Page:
The whole thing, however, got me thinking. Snark, after all, is my life. I depend on it to keep my blood pressure low, plant subversive ideas into the public consciousness, and get attention –what, reader, you think I would not admit it? So had I just indulged in the most shocking insult in my (no caffeine 8am) arsenal or did I really think Jesus Christ would administer an enema to many, MANY Christians I have come across personally or who regale us with their  vapid (and blatantly un-Christian) vacuous rants in certain public venues. And I realized that yes, indeed, I had not been going for the shock value as much as it may have appeared.

The fact is, I’ve grown up in a world populated by doctors. By stories of ancient Roman and Egyptian medicine, by stories from or set in the pre-Christian and medieval world, where gargoyles and images of explicit Last Judgement agonies are carved on Cathedral facades–to scale no less, and renaissance Crucifixions that make modern slasher movies look bland. And so I’m used to people who, while I have and never will meet them, looked at the world in a very different way–including their approaches to medicine. And while I will freely admit to not having time to research this specifically, I bet Jesus would give Michelle Bachman and those who follow her platform an enema. Absolutely!

First of all, why? Better theological minds than I have demonstrated extensively, exhaustively, that most of the vitriol, most of the ideas about ‘the war on Christianity,’ homophobia, racism, economic freebasing etc etc that right-wing ‘Christians’ and ‘Christian Groups’ claim that they embrace as followers of Christ is…groundless. Of course there are many other words I could apply  besides merely ‘groundless’ but that’s obvious enough. So yes, I believe that Jesus Christ, the historical man who may indeed have been the son of a God (pagans have a lot less problems with the idea of Christ than many Christians ever want to admit) would have taken one look at a huge percentage of the Christian population of 2013 and said “Dad…these people are nuttier than a sack-full of cats. We need to get them to a doctor.” (Of course I have projected this statement as an authentic translation of the Aramaic/Coine Greek that Jesus used word for word. Snort.)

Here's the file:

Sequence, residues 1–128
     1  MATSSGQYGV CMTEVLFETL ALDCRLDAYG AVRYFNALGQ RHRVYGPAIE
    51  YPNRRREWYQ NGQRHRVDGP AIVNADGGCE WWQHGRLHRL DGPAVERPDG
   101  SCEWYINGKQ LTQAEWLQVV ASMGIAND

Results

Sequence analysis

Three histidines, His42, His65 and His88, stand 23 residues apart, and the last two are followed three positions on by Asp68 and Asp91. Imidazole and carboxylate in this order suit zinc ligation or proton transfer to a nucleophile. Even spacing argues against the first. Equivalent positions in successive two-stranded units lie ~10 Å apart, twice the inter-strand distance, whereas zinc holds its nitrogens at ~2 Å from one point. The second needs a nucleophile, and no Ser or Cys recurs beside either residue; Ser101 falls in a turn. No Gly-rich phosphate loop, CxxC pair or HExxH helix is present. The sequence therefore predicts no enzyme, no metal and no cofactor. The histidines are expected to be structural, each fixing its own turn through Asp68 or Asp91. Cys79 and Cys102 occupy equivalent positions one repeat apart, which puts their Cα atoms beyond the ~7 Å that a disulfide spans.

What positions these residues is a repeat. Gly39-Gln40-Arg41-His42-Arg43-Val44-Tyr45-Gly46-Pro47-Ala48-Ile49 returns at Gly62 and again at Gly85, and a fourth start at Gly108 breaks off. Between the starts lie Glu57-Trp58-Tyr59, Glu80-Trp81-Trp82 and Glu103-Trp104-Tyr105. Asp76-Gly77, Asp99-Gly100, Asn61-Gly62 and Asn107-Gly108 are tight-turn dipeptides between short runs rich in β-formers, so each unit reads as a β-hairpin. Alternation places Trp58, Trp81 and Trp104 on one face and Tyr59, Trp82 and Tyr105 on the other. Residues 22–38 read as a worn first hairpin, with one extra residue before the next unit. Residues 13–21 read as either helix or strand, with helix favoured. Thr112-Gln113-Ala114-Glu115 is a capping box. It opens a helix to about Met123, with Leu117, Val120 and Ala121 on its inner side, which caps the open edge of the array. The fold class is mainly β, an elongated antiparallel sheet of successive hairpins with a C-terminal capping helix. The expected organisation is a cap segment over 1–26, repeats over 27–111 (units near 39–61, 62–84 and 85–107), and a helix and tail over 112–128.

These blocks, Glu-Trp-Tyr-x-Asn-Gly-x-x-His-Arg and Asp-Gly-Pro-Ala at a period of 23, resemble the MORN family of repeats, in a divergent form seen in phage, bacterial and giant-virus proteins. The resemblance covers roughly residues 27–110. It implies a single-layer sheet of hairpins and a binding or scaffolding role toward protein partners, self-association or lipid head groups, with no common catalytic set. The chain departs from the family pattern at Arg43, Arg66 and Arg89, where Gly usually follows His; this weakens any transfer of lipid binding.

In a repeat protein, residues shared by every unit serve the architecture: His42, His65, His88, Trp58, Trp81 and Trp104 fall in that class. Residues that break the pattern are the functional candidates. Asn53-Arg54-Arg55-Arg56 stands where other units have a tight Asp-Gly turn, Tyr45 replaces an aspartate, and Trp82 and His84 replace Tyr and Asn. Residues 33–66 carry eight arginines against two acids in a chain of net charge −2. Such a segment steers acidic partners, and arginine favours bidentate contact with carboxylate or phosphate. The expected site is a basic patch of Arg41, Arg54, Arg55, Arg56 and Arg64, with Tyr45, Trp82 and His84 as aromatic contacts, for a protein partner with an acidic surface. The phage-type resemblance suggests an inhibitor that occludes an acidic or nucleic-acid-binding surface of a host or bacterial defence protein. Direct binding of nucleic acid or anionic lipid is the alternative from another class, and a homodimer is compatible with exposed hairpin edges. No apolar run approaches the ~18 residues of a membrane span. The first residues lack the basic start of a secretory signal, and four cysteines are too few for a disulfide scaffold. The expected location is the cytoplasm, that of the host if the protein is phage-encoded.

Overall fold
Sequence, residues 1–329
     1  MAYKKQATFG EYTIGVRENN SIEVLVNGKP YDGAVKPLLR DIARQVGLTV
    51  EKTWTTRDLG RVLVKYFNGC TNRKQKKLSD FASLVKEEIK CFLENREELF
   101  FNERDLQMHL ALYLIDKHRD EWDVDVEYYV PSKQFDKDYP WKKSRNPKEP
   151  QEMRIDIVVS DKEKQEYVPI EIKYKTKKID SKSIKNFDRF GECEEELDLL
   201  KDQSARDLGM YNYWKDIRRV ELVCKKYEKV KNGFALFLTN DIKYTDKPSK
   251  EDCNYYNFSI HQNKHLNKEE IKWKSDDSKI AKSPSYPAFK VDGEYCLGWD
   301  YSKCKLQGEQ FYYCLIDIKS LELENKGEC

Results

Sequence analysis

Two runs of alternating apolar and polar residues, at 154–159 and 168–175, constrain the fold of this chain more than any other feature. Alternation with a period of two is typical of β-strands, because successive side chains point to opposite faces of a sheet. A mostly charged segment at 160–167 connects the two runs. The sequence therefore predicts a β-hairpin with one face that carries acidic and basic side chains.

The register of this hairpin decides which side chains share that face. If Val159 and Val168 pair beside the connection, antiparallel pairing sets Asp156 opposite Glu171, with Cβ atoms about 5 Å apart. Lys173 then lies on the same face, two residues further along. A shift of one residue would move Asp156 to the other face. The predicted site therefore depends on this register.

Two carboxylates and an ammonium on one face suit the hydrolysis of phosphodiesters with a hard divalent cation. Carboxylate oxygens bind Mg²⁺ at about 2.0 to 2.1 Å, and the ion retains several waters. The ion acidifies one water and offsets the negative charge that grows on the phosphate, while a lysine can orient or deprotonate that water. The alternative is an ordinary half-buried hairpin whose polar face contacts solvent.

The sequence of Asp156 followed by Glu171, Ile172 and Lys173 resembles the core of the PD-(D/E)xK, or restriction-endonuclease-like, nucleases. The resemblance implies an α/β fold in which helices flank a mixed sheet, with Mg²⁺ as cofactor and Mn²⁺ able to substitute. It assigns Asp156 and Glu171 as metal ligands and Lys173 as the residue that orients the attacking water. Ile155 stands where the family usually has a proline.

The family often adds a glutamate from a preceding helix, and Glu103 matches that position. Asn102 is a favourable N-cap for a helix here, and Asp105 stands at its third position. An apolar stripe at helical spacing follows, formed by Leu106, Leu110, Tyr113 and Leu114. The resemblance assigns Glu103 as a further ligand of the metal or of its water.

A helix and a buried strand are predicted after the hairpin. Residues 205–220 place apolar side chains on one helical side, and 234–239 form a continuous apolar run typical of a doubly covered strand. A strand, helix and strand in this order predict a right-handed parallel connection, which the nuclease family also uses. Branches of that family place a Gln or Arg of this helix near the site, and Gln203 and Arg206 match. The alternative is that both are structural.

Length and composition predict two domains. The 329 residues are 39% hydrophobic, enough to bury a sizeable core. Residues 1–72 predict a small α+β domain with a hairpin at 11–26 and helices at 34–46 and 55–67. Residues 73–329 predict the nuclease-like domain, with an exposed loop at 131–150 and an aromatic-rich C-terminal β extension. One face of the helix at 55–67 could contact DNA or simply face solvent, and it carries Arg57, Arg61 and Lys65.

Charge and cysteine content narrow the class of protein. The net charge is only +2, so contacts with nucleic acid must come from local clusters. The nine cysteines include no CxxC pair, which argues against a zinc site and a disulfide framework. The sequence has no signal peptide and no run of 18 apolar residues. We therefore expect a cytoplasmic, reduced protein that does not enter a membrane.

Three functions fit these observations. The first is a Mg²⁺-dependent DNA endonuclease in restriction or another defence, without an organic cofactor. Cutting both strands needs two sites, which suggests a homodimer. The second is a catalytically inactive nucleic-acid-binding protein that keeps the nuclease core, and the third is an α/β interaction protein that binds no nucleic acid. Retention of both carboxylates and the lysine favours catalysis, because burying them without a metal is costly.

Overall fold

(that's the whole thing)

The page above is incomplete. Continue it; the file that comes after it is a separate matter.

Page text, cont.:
So…compassionate medical care for the mentally ill….Jesus, as a young educated Jew of the early Roman Empire might well have grown up believing in the importance of bowel health. Roman medicine was advanced, but the Mediterranean world seems to have had a decent amount of focus on keeping the internal workings of the body healthy. Concluding that people who spouted such vitriol in public might be suffering from painful and traumatic constipation may not have been such a great leap.

Had Jesus been alive during the era where Christianity emerged as the dominant religion of Europe, it is highly probable that he would believe an enema was the most humane and effective method of helping Michelle Bachman, the Romneys, the Rush Limbaughs, the massively uneducated and bigoted congressmen and senators of the world to balance their ‘humors’, cooling the irritation of their bodies that was leading to their insanity.

So while I enjoy mocking, lambasting, and doing my best to rake the realm of Conservative Idiocy over the coals, I think I might really have been onto something with the original idea. I think Jesus would have kindly, politely taken certain fanatics aside and escorted them to a physician and given them support and encouragement in pursuing the proscribed treatment.